Court officials tasked with carrying out sentences and managing auctions of confiscated assets are “prone to corruption and bribery,” according to Caijing magazine’s recent evaluation of corruption in China’s courts.
Nearly one-third of the corruption cases Caijing analyzed involved charges against these so-called “execution officials.”
In a case from 2008, an enforcement director for Xiangcheng District Court in Zhangzhou (Fujian Province) got 12 years for colluding with evaluation and auction agencies to sell seized land at a reduced price to a buyer who allegedly paid bribes.
Most of the officials the magazine surveyed worked for intermediate and higher courts.
Court presidents and deputy presidents accounted for 42 percent of the convicted officials in the Caijing sample.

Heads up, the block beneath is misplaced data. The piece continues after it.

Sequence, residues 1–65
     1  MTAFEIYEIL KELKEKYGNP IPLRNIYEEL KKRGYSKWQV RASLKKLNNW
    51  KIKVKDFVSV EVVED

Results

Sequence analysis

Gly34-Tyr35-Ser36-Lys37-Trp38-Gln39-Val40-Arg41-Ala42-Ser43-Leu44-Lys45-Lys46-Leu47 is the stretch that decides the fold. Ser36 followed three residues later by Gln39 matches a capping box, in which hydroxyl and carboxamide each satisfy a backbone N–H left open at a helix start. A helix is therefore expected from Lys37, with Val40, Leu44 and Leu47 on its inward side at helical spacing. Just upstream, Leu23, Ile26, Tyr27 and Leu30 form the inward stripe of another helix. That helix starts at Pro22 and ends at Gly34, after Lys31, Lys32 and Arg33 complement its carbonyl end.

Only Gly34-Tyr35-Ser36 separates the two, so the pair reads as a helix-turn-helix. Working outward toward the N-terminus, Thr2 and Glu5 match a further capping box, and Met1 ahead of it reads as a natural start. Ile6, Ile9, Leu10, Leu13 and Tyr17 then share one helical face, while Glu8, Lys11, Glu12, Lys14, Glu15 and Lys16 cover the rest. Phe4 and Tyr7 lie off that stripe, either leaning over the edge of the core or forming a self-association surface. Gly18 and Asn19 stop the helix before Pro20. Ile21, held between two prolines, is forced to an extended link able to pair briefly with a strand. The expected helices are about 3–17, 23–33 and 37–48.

The highest-ranking legal official to appear in Caijing’s report was former Supreme People’s Court deputy president Huang Songyou (pictured), who received a life sentence in 2010 for reaping a total of $830,000 in bribes and embezzled funds.
The report identified clusters of legal corruption cases in six cities: Shenzhen (Guangdong Province), Shenyang (Liaoning Province), Changsha (Hunan Province), Hengyang (Hunan), Wuhan (Hubei Province), and Fuyang (Anhui Province).
In March 2013, the Supreme People’s Court reported 1,548 legal officials were found to have abused their power between 2008 and 2012.
Source: Caijing (财经网)
A version of this post first appeared in the China Compliance Digest.
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